As written on History.com
Black History Month, or National African American History Month, is an annual celebration of achievements by black Americans and a time for recognizing the central role of African Americans in U.S. history. The event grew out of “Negro History Week,” the brainchild of noted historian Carter G. Woodson and other prominent African Americans. Since 1976, every U.S. president has officially designated the month of February as Black History Month. Other countries around the world, including Canada and the United Kingdom, also devote a month to celebrating black history.At St. Ignatius College Prep where I teach, students lead morning prayer over the school PA. During Black history month, this ritual integrates prayer with information and story telling. We pray for a more just society. We aim to give voice to those who were voiceless for too long. We give thanks to those African Americans who have extended their gifts and talents for all the world to enjoy and each day, we promote their contributions to music, the arts, literature, science and sports, politics and religion.
If you walk around our school, you will see posters featuring a photo of a student of color holding a picture of an African American they admire and a personal statement explaining why. Students are the teachers; I learned about Guy Bluford, the first African American astronaut. I was touched to see the late Nina Simone and it should go without saying thrilled to see my favorite female athlete, Serena Williams.
The young woman holding a dynamic photo of Williams is one of my athletes. I can't wait to ask her how Williams inspires her own sport—golf. I want to know what she values in Serena as a competitor... Williams, a champion.... Serena Williams the 2015 Sportsperson of the Year.
In light of Black History month, I sincerely appreciate that Williams calls on the other black female tennis players who paved her way. She wants the world to know that long before Serena and Venus, there was Althea Gibson and Zina Garrison. She has named and thanked them from the winner's circle. She insists that her success cannot be separated from theirs. With her older sister, she has worked to extend tennis to the inner-city and other low income areas, for all children. She has spoken out against the racism she has endured (Indian Wells) and used her voice for the advancement of women, people of color and the game itself.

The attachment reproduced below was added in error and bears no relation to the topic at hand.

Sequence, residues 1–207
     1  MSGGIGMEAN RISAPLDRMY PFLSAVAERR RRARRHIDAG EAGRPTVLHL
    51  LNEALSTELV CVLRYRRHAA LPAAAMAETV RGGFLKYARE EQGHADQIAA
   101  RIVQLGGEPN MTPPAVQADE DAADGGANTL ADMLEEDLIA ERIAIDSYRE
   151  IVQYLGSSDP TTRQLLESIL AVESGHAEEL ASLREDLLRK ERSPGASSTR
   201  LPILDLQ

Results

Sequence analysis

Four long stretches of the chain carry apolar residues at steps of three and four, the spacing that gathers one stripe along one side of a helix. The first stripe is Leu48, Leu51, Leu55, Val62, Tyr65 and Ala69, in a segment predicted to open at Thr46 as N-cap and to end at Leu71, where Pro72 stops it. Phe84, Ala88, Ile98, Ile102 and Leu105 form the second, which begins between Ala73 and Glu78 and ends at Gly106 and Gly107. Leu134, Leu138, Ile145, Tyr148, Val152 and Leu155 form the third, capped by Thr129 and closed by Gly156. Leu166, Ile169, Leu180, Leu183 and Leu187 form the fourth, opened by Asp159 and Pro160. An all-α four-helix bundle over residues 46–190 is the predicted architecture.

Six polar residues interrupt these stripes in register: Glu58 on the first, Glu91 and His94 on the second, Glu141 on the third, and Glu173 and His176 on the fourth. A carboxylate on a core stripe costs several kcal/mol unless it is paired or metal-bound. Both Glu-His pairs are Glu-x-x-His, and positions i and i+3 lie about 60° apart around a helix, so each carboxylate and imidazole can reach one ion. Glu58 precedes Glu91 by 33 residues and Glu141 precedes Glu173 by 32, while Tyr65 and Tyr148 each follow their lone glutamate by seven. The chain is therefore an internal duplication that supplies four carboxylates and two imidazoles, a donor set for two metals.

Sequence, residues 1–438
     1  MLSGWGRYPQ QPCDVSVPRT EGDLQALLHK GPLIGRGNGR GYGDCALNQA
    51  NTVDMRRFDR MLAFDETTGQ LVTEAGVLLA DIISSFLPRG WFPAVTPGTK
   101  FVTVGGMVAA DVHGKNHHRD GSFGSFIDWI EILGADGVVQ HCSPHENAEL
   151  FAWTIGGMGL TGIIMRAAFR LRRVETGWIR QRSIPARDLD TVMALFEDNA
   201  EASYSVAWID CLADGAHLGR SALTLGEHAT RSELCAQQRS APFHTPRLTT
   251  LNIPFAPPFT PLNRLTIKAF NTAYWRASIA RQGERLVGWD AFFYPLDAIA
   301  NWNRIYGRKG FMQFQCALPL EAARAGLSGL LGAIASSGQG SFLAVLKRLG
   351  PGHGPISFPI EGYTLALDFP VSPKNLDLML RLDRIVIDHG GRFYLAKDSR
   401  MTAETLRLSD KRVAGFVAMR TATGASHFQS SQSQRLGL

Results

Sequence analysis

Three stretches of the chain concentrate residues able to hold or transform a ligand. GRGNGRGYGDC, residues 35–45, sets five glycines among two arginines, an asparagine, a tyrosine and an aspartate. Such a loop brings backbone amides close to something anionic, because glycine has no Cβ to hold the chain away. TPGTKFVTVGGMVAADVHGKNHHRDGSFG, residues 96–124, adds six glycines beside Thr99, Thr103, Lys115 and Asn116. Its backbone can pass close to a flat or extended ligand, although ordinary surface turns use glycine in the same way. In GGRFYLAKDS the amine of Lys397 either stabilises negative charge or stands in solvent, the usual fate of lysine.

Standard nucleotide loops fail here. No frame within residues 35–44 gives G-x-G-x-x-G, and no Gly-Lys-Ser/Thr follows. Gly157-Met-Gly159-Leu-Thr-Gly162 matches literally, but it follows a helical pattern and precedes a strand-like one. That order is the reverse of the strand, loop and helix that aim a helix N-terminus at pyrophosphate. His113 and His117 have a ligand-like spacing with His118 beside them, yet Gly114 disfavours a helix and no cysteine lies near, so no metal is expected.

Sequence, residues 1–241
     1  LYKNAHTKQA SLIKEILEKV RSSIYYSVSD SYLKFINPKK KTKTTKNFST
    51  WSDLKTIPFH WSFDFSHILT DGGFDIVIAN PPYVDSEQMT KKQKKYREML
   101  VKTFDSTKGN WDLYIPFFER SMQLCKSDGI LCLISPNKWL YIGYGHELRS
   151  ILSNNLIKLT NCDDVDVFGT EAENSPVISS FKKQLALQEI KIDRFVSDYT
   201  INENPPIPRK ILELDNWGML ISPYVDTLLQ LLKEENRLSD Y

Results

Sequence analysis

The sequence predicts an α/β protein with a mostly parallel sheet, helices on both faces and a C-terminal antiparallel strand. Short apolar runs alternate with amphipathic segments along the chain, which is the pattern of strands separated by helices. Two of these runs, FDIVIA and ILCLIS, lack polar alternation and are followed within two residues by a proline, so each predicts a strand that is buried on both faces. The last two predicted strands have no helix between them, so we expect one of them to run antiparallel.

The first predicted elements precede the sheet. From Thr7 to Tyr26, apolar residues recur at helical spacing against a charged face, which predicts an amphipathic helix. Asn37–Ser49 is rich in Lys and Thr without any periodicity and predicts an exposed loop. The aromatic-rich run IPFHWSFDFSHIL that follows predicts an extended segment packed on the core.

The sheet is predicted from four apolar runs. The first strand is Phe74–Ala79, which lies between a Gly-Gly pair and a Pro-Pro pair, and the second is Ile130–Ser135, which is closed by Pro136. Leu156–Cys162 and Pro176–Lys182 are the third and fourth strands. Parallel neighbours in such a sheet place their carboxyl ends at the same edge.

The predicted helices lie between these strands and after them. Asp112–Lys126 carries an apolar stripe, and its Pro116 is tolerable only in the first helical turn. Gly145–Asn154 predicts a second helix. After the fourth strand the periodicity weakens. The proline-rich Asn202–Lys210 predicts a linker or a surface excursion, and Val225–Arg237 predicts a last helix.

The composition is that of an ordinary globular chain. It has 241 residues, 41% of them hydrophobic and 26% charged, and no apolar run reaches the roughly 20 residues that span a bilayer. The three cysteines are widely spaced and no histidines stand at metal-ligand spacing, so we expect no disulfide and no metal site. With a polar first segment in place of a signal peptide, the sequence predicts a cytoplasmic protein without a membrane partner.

I am not convinced that her peer, Tiger Woods who met equal success in another sport traditionally underrepresented by people of color has used his voice in the way she has. I do not believe that his fans would know that long before Tiger Woods, there was Calvin Peete or Lee Elder. Granted many people might not know the women that Serena has named but that is not because she has kept silent.
Serena Williams is indeed is a worthy hero of this historic month. Not only is she (one of the) winningest female tennis players of all time, completing the Serena slam and bringing home four gold medals for the United States (one in singles and three with Venus in doubles) but Miss Williams is also a whole lot of fun. If you haven't seen it yet, the video is worth watching. That's Serena Williams: champion, one of the greatest of all time ready to surprise two amateurs on a week night with a fun and friendly round. I believe Black History month can celebrate that too. If only I still played tennis...
I hope tonight she is celebrating both Mardi Gras and the role she has played in Black History month. I'll keep my eyes peeled for you Serena in and around the city by the bay. Congratulations on your engagement. As they say in New Orleans, Laissez les bon temps rouler!
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